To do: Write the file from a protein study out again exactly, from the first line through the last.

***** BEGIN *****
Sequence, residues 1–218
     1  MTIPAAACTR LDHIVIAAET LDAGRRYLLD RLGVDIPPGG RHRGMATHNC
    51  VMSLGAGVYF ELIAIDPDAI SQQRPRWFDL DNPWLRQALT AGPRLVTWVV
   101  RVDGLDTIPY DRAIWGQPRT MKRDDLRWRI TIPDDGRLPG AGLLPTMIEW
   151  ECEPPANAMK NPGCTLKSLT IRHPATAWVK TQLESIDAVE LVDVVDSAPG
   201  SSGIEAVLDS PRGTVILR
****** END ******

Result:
Sequence, residues 1–218
     1  MTIPAAACTR LDHIVIAAET LDAGRRYLLD RLGVDIPPGG RHRGMATHNC
    51  VMSLGAGVYF ELIAIDPDAI SQQRPRWFDL DNPWLRQALT AGPRLVTWVV
   101  RVDGLDTIPY DRAIWGQPRT MKRDDLRWRI TIPDDGRLPG AGLLPTMIEW
   151  ECEPPANAMK NPGCTLKSLT IRHPATAWVK TQLESIDAVE LVDVVDSAPG
   201  SSGIEAVLDS PRGTVILR